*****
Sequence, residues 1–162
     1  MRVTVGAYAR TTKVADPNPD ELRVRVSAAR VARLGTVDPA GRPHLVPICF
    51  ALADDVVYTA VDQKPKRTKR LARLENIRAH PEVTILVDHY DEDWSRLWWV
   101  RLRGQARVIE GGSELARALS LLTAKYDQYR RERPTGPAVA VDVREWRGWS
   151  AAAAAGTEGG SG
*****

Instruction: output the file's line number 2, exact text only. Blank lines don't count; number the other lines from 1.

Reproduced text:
     1  MRVTVGAYAR TTKVADPNPD ELRVRVSAAR VARLGTVDPA GRPHLVPICF